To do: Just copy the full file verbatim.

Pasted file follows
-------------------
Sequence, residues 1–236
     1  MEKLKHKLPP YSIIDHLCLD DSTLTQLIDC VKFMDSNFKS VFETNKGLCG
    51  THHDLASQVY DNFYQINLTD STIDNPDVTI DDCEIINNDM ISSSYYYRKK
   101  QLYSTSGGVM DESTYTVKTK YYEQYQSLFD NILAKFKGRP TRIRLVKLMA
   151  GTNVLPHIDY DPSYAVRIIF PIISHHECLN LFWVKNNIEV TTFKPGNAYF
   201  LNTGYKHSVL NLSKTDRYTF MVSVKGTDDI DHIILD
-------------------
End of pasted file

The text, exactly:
Sequence, residues 1–236
     1  MEKLKHKLPP YSIIDHLCLD DSTLTQLIDC VKFMDSNFKS VFETNKGLCG
    51  THHDLASQVY DNFYQINLTD STIDNPDVTI DDCEIINNDM ISSSYYYRKK
   101  QLYSTSGGVM DESTYTVKTK YYEQYQSLFD NILAKFKGRP TRIRLVKLMA
   151  GTNVLPHIDY DPSYAVRIIF PIISHHECLN LFWVKNNIEV TTFKPGNAYF
   201  LNTGYKHSVL NLSKTDRYTF MVSVKGTDDI DHIILD